Hyperacusis-related distress and comorbid psychiatric illness

Research suggests that over 50% of patients presenting with hyperacusis also present with some form of psychiatric disorder. With this in mind, Dr Aazh outlines what tools clinicians can use to screen for psychological disorders and what path to take...

Psychogenic vestibular disorders: understanding and management

‘Psychogenic vestibular disorders’, also known as ‘functional vertigo and dizziness’, are common causes of dizziness and balance difficulty. Although our understanding of their underlying pathophysiology remains incomplete, Drs Diego Kaski and Amy Edwards outline how early identification and positive diagnosis...

Theory of mind and deaf children

Theory of mind relates to a person’s ability to understand the perspectives of others, to be aware that they may differ from one’s own perspectives and the ability to use this knowledge to navigate social situations. Dr Helen Chilton explores...

Middle ear muscle disorders: presentation, diagnosis and management

Patients often report symptoms relating to disorders of the middle ear muscles. Prof Bance gives us an overview of the anatomy and function, as well as guides our diagnosis and management. The middle ear muscles (MEMs) are a mystery, both...

Multifrequency tympanometry

There are many good reasons to start using multifrequency tympanometry as opposed to a traditional, single 226Hz probe tone. Here, Leigh Martin of Interacoustics discusses the uses and benefits. Tympanometry is a core test in the audiologist’s test battery. In...

TEN testing in paediatric patients

Threshold equalising noise (TEN) testing is used to identify dead regions (DRs) of the cochlear. Alexandra Lusty considers the challenges of using the TEN test in the paediatric population as well as the importance of identifying DRs. Diagnosing dead regions...

Enhancing and extending hearing care using Ida Telecare

Tele-audiology has been on our radar for a long while, and evidence shows that its application in clinical practice is beneficial to both patients and clinicians. Cherilee Rutherford discusses the benefits and gives an overview of the freely-available tools developed...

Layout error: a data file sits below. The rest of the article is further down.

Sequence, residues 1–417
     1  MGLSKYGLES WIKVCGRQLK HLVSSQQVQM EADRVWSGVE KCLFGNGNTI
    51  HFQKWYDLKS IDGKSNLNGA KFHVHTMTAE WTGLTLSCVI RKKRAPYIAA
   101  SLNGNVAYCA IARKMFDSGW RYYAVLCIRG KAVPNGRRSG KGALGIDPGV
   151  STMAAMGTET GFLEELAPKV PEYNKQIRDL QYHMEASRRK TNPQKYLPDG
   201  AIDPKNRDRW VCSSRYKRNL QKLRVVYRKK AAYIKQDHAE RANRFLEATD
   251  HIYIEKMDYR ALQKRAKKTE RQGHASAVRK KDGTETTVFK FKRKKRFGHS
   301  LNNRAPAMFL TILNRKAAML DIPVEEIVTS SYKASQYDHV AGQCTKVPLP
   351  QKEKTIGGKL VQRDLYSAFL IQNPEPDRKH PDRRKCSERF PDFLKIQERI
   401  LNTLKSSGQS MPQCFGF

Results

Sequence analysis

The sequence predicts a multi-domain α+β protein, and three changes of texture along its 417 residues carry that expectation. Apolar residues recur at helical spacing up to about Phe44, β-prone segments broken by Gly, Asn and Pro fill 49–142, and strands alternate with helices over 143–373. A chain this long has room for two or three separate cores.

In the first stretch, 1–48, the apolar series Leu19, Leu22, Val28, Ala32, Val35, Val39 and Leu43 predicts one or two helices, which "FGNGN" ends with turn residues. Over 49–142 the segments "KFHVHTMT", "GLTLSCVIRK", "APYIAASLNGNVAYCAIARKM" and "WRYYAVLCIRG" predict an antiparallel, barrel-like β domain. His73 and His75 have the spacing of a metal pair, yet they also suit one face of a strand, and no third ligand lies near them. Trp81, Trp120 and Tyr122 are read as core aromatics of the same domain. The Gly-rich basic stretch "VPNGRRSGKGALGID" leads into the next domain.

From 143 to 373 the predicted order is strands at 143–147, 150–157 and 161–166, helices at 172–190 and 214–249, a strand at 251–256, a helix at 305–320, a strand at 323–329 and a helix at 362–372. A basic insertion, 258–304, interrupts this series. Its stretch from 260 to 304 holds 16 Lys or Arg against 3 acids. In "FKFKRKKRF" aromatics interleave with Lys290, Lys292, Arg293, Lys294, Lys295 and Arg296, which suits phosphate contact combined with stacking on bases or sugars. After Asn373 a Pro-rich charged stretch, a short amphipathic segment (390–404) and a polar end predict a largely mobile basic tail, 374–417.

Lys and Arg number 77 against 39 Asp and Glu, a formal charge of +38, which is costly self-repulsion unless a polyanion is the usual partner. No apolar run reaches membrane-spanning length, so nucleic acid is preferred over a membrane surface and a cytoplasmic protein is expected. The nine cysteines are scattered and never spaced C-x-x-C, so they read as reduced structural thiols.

Speech mapping and the benefits of using in clinical practice

Fitting hearing aids is not simply a case of one size fits all. Nicole da Rocha discusses the benefits of using speech mapping as a verification tool. The verification of hearing aids has become quintessential for best practice. Using either...

Physiological mechanisms of hyperacusis: an update

Hyperacusis is a heterogeneous and complex clinical entity, and proposals about physiological mechanisms should reflect these issues. Ben Auerbach helps us navigate through present knowledge in this area, and proposes future directions for research. Hyperacusis is a debilitating hearing disorder...

Sound sensitivity in children

Sound tolerance symptoms in young patients can be a challenge, Veronica Kennedy and Claire Benton share their clinical experience in navigating the issues that can arise in diagnosis and management. In any noisy environment, it’s a common sight to see...

Untangling the emotional and physiological aspects of hyperacusis

In hyperacusis, the physiological and the emotional aspects can become deeply entwined. Dr Sarah Theodoroff draws us into her perspectives on this important aspect of the condition. Background Sounds and Emotions The basic act of hearing sounds triggers an emotional...

Collaborating with patients on research priorities in hyperacusis: the James Lind Alliance project

An innovative and inclusive approach to the identification and prioritisation of research questions is to place the views of patients at the heart of the process, and in partnership with clinicians. The application of this to hyperacusis is described by...